`by.y` by default is `key(y)`, so we skipped it. `by.x` by default takes `key(x)` if it exists, and if not takes `key(y)`. But a key doesn't exist for `d2`, and we can't set the columns from `y`, because they don't have the same names. So, we set `by.x` explicitly.

The type of overlap is within, and we'd like to have all matches, only if there is a match.

NB: `foverlaps` uses data.table's binary search feature (along with `roll` where necessary) under the hood, but some function arguments (types of overlaps, maxgap, minoverlap etc..) are inspired by the function `findOverlaps()` from the Bioconductor package `IRanges`, an excellent package (and so is `GenomicRanges`, which extends `IRanges` for Genomics).

A benchmark on the code above on your data results in `foverlaps()` slower than Gabor's answer (Timings: Gabor's data.table solution = 0.004 vs foverlaps = 0.021 seconds). But does it really matter at this granularity?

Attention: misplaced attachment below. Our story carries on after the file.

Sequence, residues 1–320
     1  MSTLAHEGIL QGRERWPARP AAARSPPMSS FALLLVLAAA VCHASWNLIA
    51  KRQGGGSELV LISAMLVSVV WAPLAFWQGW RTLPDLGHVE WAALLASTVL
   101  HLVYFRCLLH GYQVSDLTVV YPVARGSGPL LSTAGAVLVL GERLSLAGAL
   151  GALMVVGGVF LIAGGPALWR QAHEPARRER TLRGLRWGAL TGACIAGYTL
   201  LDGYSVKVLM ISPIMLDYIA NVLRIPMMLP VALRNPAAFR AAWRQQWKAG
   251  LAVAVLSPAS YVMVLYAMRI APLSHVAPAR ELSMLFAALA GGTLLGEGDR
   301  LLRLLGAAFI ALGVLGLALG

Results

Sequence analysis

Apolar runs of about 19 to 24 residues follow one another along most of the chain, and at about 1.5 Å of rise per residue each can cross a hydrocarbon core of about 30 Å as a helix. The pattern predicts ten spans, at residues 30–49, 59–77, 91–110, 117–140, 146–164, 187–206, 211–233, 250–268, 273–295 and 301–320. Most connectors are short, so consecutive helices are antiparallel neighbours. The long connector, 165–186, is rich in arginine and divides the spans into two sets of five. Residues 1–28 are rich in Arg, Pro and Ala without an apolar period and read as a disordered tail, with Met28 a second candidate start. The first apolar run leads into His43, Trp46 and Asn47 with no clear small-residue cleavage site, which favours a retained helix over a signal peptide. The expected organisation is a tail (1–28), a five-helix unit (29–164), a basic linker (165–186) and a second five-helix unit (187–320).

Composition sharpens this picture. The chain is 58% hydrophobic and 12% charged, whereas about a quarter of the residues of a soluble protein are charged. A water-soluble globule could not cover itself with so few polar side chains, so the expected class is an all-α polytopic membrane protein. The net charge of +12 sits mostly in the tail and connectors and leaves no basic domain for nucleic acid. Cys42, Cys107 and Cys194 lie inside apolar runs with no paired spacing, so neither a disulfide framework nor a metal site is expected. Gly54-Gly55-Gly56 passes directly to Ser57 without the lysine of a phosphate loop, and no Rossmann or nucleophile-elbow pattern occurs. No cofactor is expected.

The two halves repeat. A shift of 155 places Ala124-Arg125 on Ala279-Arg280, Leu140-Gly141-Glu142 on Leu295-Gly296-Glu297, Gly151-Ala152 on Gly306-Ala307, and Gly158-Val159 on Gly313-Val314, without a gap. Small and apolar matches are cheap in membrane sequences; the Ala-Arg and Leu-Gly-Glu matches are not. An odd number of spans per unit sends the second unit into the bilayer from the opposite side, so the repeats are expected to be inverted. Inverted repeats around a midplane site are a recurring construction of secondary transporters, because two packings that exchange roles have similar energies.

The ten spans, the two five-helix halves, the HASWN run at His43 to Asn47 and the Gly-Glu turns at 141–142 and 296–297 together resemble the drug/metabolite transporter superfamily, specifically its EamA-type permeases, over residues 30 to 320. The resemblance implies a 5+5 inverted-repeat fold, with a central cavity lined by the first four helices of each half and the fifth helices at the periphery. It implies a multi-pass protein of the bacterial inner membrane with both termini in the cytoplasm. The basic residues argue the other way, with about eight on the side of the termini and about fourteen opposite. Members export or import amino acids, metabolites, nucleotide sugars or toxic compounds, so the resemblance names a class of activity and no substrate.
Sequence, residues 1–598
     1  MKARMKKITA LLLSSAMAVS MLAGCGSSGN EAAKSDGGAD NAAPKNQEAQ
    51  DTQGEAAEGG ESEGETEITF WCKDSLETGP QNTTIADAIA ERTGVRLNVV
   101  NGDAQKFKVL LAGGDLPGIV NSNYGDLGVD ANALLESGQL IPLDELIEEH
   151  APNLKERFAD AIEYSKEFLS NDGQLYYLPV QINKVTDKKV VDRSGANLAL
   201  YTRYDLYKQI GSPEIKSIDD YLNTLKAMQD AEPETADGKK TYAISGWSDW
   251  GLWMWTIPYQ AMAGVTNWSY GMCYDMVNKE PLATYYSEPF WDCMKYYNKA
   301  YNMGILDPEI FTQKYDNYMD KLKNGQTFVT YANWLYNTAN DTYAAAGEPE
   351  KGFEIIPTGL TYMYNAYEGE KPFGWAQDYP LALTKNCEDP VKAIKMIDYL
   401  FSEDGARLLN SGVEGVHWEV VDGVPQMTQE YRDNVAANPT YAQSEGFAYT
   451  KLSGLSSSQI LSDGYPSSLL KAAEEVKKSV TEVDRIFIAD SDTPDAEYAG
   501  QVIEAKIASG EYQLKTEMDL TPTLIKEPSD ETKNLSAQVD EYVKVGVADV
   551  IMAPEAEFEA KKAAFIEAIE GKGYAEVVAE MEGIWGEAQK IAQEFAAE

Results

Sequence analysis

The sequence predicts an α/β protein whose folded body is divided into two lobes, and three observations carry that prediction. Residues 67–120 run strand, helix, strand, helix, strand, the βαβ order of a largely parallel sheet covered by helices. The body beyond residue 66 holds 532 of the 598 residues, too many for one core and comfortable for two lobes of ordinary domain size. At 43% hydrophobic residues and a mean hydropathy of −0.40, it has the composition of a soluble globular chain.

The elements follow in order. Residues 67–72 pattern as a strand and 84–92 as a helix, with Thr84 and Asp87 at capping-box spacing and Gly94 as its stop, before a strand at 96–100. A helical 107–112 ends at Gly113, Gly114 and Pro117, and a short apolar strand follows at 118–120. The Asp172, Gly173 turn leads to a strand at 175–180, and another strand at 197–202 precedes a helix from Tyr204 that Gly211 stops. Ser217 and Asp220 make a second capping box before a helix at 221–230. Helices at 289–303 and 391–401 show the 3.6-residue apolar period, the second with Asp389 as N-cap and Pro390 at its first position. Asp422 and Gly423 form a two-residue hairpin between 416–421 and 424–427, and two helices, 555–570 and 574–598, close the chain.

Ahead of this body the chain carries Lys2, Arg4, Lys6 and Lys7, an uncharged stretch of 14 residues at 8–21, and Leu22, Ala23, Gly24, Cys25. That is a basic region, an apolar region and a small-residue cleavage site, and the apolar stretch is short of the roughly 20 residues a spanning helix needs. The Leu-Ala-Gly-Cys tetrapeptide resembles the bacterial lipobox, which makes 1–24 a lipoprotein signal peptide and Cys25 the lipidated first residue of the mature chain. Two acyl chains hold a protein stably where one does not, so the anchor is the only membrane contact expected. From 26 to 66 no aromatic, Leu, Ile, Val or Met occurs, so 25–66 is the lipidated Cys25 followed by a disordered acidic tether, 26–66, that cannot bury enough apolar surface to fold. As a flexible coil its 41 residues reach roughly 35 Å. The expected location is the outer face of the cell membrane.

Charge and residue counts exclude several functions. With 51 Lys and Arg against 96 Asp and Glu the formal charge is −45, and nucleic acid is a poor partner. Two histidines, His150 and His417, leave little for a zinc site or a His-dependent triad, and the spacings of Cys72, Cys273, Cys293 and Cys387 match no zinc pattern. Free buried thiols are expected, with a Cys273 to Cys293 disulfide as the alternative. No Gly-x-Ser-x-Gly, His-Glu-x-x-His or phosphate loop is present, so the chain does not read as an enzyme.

What would be really interesting is to see how well it scales - in terms of both speed and memory. In Gabor's answer, we join based on the key column `x`. And then filter the results.

What if `d1` has about 40K rows and `d2` has a 100K rows (or more)? For each row in `d2` that matches `x` in `d1`, all those rows will be matched and returned, only to be filtered later. Here's an example of your Q scaled only slightly:

### Generate data:

``require(data.table)set.seed(1L)n = 20e3L; k = 100e3Lidx1 = sample(100, n, TRUE)idx2 = sample(100, n, TRUE)d1 = data.table(x = sample(letters[1:5], n, TRUE),                 start = pmin(idx1, idx2),                 end = pmax(idx1, idx2))d2 = data.table(x = sample(letters[1:15], k, TRUE),                 pos1 = sample(60:150, k, TRUE))``

### foverlaps: